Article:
Google got most of the attention this week for its recently unveiled Chrome OS so the Wave team figured it was time for a little update as well. They're not actually announcing anything but they are revealing the results of a survey they've carried out to find out what people liked or disliked about Google Wave. And with most of the tech world unimpressed with Google's efforts, it would be interesting to know what the actual users think.
“Since we can't talk to all of our users individually (no matter how hard we try!), we've been running an online survey to get some feedback on the Google Wave experience. We distributed the survey through email (to a random sample of those that volunteered to help), a link in our help center and a tweet. While this may not be a completely representative sample of all Google Wave users, the results have been interesting to us, and we'd like to share them,” Aaron Cheang, User Experience researcher for Google Wave, wrote
The results aren't as useful as they could have been, but there are a couple of interesting nuggets in there. When asked what they liked the most about Google Wave, the majority of users said they liked the idea of the wave as the center of all their communications. The interesting thing is that they didn't say they liked they way Google had implemented it but rather the concept itself. This is very telling of the state of the project so far – it has a lot of potential, but it's mostly unfulfilled at the moment.
Other things people liked are the collaboration options, being able to communicate but also share and work together on documents. This, of course, is the biggest promise of the service and likely where it will be popular at first, if Google can deliver a compelling product. Finally, users liked the idea of 'extensions', the various apps which can add a lot of functionality to the Wave.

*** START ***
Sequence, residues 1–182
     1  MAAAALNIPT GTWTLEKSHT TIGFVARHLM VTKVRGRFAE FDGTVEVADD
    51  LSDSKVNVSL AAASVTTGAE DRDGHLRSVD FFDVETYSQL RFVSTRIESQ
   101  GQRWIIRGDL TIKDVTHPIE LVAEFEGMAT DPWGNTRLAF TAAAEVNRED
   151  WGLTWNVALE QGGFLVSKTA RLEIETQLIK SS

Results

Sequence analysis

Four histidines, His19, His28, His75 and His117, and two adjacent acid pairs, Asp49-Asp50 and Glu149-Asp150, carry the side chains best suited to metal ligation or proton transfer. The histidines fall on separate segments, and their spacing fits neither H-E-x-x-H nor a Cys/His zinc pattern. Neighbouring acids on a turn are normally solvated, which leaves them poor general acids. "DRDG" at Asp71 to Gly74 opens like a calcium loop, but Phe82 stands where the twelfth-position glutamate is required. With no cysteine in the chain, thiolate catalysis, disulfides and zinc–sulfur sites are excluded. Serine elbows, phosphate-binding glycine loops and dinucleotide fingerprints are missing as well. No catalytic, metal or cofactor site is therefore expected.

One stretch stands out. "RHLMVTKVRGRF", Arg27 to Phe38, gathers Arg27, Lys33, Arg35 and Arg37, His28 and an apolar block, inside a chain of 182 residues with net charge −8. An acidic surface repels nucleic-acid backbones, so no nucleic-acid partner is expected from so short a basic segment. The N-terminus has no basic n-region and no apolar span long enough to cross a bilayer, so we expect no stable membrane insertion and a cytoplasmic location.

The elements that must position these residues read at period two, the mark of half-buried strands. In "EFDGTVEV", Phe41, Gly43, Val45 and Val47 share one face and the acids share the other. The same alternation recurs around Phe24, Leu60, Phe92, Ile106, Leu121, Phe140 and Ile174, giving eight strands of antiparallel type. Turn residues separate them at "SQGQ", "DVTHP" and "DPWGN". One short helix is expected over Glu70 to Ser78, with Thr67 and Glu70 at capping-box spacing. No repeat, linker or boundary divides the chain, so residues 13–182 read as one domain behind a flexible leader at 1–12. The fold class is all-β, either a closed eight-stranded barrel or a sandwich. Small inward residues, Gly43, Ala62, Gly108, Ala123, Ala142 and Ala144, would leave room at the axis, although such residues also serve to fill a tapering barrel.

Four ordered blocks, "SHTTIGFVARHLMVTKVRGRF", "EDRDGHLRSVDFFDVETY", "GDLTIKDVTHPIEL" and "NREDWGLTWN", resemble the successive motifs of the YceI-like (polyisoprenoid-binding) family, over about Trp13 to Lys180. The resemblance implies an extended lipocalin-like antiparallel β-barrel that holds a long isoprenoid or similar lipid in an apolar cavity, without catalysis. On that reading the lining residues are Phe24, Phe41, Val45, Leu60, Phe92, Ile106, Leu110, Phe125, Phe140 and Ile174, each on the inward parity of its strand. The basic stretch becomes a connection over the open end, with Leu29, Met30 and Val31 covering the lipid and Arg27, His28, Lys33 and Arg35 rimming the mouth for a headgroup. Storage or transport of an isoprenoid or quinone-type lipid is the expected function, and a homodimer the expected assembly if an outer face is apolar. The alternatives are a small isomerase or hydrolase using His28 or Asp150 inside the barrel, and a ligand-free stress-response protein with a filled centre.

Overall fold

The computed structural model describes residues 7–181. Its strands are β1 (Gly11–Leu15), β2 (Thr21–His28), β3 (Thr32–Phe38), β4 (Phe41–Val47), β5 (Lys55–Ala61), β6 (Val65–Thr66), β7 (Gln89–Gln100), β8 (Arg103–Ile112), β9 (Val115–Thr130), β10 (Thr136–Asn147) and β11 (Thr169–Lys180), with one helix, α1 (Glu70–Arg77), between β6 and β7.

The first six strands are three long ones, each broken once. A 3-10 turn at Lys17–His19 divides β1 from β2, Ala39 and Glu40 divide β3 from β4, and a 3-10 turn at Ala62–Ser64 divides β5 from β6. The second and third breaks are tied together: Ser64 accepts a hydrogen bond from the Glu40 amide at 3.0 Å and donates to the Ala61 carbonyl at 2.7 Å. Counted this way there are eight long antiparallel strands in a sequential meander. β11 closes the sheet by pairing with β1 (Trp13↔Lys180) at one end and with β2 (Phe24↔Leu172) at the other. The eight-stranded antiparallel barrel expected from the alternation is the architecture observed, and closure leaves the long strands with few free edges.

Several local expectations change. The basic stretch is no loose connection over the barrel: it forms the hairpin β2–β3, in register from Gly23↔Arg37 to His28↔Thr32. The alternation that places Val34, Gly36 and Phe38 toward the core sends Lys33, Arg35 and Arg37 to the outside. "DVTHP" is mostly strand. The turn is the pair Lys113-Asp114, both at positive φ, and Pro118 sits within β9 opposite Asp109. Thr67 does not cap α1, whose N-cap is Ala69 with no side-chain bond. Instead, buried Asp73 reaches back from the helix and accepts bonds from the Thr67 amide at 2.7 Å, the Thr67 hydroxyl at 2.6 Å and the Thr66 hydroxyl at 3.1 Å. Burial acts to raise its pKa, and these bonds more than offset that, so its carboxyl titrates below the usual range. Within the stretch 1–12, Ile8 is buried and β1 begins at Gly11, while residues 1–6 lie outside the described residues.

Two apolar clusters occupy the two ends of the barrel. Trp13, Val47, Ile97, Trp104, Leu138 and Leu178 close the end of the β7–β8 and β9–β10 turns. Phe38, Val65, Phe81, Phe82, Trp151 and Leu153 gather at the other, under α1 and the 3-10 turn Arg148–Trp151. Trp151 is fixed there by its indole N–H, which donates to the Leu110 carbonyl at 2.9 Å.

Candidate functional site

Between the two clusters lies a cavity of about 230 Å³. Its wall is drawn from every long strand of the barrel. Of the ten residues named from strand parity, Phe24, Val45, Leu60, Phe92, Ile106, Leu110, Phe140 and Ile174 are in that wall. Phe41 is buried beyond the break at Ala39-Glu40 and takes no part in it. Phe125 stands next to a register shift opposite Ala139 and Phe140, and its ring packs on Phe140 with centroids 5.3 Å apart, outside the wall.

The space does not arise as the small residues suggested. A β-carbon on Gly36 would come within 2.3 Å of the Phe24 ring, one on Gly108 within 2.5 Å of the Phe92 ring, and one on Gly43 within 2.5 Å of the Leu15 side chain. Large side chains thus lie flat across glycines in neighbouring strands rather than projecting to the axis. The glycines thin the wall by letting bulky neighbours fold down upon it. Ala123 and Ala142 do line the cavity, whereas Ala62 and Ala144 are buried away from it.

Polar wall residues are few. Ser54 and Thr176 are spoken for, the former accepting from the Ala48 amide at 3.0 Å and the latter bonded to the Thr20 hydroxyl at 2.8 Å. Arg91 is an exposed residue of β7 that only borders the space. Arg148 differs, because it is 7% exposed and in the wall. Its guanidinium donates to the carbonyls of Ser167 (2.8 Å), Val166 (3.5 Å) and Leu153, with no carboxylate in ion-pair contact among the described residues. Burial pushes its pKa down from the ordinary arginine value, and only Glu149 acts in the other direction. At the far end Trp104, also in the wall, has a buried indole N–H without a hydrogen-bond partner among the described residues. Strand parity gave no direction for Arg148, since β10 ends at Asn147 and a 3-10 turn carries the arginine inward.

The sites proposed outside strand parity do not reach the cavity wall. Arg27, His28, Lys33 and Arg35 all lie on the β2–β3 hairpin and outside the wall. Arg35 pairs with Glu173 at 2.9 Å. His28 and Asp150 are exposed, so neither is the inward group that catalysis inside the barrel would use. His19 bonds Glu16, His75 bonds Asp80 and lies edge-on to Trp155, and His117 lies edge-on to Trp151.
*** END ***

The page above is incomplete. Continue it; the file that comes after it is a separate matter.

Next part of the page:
The biggest problem with Google Wave at the moment, according to its users, is its limited roll-out which means that most can't connect with many of their friends or colleagues. The second issue isn't something that Wave does but rather something it doesn't, its integration with other services, email was on top of the list, leaves to be desired. Finally, users complained about the service's slowness which, knowing Google, is a big issue at the moment. The interesting thing is that most of the things people liked or didn't like don't really have to do with the service itself. The speed issue is obviously the exception, but the general feel is that people get that Wave could turn into something big, yet at the moment, they're not quite sure what to make of it.